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  • Carroll Devine

A Horse's Eyes

Have you ever looked into a horse’s eyes? If you have the opportunity to be near one of these beautiful, noble creatures, and you look deeply enough you may see your soul’s reflection, even as the horse is feeling your energy.

The intimate, trusting connection we might feel with such a creature can be ennobling in and of itself because trust and respect are ennobling qualities for the giver and the receiver.

We may forget the critical role horses have played in the building and development of our country – in transportation, communication, agriculture, even battle. Over the years, as our needs have changed, we have still called upon horses for ranching, sport, recreation, policing, and companionship. They have been good and faithful servants, good and faithful companions.

And yet, each year many of them are abused, neglected, abandoned, or sent to Mexico to be slaughtered, some wrongfully sent and inhumanely handled.

Fortunately, some individuals have taken up their cause. Among those is Susan Jan Hornstein of Icssoma Farm. When my husband and I visited California recently, something led us to check out this farm near Sebastopol, the home of WELL TRAINED HORSES. Susan, an obvious horse lover, founded the non-profit organization in 2008. Her mission and practice is to rescue, rehabilitate, and re-home horses that have been abused, neglected, or abandoned or those bound for slaughter in Mexico.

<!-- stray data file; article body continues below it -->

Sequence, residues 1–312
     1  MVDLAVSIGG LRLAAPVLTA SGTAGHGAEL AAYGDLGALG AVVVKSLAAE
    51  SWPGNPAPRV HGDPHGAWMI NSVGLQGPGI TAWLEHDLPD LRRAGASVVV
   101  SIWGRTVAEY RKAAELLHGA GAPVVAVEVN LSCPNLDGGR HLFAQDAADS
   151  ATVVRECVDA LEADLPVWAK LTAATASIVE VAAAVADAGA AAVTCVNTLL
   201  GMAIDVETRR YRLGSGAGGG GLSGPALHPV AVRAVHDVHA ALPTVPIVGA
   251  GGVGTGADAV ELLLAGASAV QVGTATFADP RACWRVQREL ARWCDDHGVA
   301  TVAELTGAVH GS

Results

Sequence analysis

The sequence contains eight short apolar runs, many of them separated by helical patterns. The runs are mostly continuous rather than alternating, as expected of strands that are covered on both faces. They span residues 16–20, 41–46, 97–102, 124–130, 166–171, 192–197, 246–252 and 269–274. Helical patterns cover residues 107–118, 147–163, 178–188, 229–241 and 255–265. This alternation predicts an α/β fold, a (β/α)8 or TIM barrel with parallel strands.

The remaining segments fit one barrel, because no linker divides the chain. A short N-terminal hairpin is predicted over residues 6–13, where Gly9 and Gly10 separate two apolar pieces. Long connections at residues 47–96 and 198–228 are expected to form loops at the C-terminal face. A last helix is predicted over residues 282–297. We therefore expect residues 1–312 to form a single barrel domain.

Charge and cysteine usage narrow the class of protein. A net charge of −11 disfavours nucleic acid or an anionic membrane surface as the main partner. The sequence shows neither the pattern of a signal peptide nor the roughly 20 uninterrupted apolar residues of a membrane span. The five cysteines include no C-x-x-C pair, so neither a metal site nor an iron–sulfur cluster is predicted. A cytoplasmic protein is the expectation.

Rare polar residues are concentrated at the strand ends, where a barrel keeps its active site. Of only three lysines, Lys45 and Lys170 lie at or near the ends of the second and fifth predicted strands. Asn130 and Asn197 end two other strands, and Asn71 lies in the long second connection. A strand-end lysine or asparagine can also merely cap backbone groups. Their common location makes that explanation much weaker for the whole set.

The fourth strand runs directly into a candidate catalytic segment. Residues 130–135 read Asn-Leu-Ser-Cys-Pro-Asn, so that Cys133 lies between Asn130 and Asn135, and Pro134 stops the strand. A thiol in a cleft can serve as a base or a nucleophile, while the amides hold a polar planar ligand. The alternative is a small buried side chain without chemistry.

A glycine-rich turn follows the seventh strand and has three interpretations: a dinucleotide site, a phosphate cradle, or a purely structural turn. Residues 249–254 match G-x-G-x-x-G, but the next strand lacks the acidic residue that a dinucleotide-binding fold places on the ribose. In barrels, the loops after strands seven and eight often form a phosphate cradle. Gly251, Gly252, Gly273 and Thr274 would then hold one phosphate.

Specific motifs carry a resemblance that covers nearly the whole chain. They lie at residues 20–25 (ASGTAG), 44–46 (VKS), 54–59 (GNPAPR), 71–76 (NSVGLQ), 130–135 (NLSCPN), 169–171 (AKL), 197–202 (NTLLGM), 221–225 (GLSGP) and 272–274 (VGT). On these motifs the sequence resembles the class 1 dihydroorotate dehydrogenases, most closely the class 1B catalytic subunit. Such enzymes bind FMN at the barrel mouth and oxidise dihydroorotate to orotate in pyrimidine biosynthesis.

As we were introduced to some of her rescued friends and watched Susan working with one named Tango who had been beaten, I was impressed that there was some kind of magical communication going on. I also had an inkling of the often monumental task it must be to slowly regain the trust of animals formerly abused. But also how rewarding.

Just as in recent years our American independent spirit has been strained it seems, and needs more love and attention, likewise do so many horses, long symbolizing that vital, healthy and free spirit.

Susan reminds anyone who is inclined in that direction that changing a horse’s life can change your own and that there are a number of ways to do this, citing in-person volunteer help, with a wide variety of skills needed, donations of certain tools and supplies (See her WishList.), or by financial contributions. is a 501(c)(3) organization, made possible by the dedicated work of volunteers and supporters. Facilities at Icssoma Farm are located at 11114 Falstaff Road, Sebastopol, California, 95472. You can check out their website for events, clinics, and formal tour dates. And if you’d really like to look into the eyes of a horse, the farm also offers riding lessons for all levels.

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